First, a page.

Chance of a Brexit deal is higher than believed - think tank

Author: Adam Button | Category: News

Some interesting comments from Charles Grant

Charles Grant, the director of the Centre for European Reform writes about the chances of a deal after meeting with EU and UK officials.

A deal between EU and UK is more likely than I had thought - my conclusion after 2 days of meetings with EU, member-state and UK officials. Senior figures on EU side say they can scrap backstop as long as alternatives deliver on protecting a) single mkt; b) GFA. They also say Boris Johnson has indicated that he can live with rest of withdrawal agreement if backstop goes. In some key national capitals BJ has made a quite good impression. But some of David Frost's meetings in BXL have lowered expectations on EU side, conveying hard red lines. The essence of the deal would be to replicate effects of N I-only backstop. On agri, as BJ has said, NI would follow EU rules. In other areas: a combo of regulatory alignment with EU, and discreet controls - 'dedramatised, dematerialised, delocalised' - away from border France, Germany, Commission could go along with this, but only if UK produces serious proposals, which it has not yet done. It would have to accept role for ECJ. But what about Ireland, which says it prefers prospect of no deal to a deal sans backstop? The other member-states do not want to put pressure on Ireland. But if the UK gets serious about a deal and shows flexibility, there would be gentle encouragement for Dublin to accept something almost equivalent to backstop Of course the difficulties are immense and the gaps may prove unbridgeable. Some in DUP & ERG would not like to see N I partially aligned with EU rules. But an element of consultation for Stormont on rule changes could help. Also, add EU officials, in one respect BJ is right: the new UK law v no deal has taken pressure off Irish govt and UK Parliament to compromise. But some EU govts think BJ may be serious about a deal, perhaps before Oct 31.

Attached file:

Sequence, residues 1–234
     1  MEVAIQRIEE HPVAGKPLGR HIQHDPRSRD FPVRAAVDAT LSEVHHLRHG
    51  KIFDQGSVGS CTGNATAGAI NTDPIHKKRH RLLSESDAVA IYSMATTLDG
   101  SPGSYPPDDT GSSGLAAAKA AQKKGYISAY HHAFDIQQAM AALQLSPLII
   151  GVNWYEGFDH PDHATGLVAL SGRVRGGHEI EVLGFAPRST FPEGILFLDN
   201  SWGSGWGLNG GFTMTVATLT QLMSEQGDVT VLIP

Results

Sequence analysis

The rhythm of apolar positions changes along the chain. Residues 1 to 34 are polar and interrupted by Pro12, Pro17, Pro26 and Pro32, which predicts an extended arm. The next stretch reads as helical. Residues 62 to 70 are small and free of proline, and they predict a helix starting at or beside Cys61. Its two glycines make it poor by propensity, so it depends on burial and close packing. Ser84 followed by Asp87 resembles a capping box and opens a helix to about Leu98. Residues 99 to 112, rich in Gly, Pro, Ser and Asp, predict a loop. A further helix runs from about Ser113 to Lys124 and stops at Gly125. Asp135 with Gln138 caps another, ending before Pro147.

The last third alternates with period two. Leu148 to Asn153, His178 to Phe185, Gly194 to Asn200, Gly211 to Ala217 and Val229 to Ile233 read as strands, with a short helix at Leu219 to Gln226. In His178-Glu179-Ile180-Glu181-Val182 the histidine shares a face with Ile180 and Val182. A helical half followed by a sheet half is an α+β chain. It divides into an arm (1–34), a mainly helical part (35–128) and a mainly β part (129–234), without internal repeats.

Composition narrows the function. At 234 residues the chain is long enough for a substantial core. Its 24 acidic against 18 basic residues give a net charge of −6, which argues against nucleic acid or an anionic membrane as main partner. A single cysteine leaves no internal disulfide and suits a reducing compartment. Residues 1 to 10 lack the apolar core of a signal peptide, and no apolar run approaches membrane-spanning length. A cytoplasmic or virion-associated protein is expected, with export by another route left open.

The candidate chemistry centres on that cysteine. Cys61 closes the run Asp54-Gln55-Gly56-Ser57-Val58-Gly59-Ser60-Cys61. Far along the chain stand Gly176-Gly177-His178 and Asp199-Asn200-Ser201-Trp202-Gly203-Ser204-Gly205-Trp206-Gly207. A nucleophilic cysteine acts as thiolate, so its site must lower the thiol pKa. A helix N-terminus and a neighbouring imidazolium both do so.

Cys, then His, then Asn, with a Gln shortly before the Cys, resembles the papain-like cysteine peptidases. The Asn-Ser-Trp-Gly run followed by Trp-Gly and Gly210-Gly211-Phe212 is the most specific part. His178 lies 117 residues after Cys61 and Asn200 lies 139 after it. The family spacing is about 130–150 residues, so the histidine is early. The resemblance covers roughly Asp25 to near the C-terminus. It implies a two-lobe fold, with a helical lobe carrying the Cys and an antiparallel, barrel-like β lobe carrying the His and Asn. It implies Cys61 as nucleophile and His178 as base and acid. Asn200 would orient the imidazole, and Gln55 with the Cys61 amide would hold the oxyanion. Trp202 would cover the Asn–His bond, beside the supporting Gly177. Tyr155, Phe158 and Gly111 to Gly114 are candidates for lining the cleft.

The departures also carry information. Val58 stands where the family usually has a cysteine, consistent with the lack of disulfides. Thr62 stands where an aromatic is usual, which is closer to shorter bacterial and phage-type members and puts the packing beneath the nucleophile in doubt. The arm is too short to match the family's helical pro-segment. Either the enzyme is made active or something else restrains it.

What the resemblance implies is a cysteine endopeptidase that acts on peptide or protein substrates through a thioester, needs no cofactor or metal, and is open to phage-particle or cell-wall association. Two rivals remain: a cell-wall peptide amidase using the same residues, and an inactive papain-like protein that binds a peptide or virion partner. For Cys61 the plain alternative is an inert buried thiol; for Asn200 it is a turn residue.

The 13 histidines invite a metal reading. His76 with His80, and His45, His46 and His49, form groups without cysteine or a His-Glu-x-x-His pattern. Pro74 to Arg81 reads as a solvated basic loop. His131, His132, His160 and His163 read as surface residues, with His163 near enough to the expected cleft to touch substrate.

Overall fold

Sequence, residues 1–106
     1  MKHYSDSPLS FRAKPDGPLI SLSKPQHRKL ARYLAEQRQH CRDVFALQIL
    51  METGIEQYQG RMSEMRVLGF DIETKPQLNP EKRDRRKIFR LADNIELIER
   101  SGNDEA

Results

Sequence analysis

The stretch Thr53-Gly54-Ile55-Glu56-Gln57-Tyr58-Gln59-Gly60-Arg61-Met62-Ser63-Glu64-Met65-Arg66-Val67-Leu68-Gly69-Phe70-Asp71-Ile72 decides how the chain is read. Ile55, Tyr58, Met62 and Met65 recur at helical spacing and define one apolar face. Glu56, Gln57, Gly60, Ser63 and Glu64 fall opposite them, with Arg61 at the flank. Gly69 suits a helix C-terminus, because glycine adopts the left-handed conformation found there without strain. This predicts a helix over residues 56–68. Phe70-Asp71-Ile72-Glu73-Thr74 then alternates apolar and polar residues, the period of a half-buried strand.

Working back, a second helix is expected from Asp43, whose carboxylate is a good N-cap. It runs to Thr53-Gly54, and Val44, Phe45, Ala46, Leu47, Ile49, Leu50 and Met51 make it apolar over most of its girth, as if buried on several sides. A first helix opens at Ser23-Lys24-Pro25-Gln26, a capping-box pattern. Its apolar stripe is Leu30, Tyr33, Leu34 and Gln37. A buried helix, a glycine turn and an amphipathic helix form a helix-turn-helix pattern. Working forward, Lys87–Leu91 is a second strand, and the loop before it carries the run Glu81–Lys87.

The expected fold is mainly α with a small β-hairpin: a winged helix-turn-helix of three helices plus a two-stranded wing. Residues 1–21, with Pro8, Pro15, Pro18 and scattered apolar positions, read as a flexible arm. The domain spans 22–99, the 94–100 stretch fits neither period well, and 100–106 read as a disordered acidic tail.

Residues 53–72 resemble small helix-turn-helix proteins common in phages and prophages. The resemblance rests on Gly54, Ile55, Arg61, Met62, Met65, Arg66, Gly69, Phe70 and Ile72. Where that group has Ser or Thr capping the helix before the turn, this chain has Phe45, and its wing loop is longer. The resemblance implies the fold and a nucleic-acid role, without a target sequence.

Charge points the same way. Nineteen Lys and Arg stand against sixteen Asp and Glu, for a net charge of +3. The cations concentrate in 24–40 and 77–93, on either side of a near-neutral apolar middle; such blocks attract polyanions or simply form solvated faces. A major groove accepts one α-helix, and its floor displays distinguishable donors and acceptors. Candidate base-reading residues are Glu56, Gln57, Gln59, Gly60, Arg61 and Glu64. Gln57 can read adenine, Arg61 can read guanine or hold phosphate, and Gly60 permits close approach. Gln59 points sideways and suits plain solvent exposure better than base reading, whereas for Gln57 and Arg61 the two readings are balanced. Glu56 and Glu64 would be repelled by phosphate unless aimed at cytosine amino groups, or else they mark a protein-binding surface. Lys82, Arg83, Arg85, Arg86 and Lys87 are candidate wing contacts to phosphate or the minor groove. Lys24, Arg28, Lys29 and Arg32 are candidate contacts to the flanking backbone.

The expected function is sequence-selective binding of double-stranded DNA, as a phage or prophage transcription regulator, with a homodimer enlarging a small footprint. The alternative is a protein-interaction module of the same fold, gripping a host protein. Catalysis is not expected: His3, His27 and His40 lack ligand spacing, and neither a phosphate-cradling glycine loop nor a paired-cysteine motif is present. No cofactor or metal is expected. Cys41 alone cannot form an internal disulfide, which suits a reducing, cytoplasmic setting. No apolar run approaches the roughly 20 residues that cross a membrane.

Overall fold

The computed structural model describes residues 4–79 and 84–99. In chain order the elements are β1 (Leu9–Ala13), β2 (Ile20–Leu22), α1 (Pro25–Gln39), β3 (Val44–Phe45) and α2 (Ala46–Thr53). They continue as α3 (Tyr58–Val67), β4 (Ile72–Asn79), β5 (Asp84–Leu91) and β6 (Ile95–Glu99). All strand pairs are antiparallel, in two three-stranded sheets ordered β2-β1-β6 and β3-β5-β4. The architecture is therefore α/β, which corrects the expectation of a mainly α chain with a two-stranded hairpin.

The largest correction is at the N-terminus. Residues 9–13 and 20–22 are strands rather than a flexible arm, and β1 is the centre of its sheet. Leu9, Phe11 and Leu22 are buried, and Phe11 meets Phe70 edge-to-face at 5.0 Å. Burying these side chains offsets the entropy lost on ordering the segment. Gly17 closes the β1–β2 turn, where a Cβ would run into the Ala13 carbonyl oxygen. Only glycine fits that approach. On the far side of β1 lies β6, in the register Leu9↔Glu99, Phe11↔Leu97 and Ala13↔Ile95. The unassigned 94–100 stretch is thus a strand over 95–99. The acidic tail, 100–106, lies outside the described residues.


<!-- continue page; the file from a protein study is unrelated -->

The comments are getting some traction and may be helping to lift cable back above 1.2315. The problem is that the UK still hasn't proposed anything to solve these problems, but at least there is some movement.

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